Switzerland Monetary Policy


Central Bank keeps rates unchanged and affirms minimum exchange rate

At its 14 march monetary policy meeting, the Central Bank left the three-month Libor target rate at the historically-low range of 0% to 0.25% established in August 2011, in a decision widely expected by the market. The Swiss National Bank (SNB) also reiterated its intention to enforce the 1.20 CHF per EUR cap established in September 2011, "with the utmost determination" adding that "if necessary, is prepared to buy foreign currency in unlimited quantities for this purpose".

In its accompanying statement, the Central Bank underlined that, in the final quarter of 2012, inflation was lower than expected as a strong Swiss franc continued to exert downward pressures on consumer prices. In addition, the Bank argued that "downside risks to the Swiss economy remain considerable" and that "there is a risk that tensions in the Euro area will increase again".

On the financial stability front, the SNB stated that the countercyclical capital buffer (CCB) had been activated on 13 February, requiring banks to provide more capital backing for residential mortgage loans in Switzerland. The Central Bank introduced the CCB in July 2012 in order to strengthen the resilience of banks, as ultra-low interest rates are likely to fuel imbalances, especially in the real state market.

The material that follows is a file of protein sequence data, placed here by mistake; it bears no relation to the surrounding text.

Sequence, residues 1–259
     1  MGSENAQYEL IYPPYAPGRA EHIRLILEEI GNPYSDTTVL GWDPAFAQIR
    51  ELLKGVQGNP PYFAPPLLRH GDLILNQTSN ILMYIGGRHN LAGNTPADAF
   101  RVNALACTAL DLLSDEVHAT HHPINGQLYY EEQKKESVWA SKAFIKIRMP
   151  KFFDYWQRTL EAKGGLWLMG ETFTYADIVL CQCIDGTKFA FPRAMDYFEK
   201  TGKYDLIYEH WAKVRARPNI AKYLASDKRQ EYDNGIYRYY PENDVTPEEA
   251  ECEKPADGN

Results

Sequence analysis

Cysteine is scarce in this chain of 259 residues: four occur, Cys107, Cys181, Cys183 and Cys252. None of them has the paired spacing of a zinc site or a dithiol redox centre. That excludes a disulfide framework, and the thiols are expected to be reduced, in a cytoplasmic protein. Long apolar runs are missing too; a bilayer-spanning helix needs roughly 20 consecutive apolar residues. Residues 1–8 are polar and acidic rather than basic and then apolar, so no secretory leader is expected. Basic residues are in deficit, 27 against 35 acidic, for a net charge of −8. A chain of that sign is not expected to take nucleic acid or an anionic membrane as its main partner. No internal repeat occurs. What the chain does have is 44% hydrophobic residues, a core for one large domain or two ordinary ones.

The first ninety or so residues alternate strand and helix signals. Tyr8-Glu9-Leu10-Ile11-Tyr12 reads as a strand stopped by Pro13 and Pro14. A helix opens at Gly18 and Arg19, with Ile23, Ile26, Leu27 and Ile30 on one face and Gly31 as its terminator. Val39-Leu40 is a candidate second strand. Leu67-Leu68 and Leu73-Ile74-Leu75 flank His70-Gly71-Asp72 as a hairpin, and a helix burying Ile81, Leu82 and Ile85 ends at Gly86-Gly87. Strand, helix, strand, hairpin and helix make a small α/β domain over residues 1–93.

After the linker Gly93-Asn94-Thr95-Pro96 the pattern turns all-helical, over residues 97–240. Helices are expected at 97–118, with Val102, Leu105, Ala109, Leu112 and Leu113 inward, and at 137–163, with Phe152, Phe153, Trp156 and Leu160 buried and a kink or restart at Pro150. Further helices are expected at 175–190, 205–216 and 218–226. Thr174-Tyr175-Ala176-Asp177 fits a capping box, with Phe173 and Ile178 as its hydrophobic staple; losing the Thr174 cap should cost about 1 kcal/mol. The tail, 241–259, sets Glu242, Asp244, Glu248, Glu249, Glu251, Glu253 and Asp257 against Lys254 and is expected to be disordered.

FocusEconomics Consensus Forecast panellists expect that the Swiss National Bank will stay put in both 2013 and 2014, with interest rates remaining unchanged at the current range of between 0% to 0.25%.

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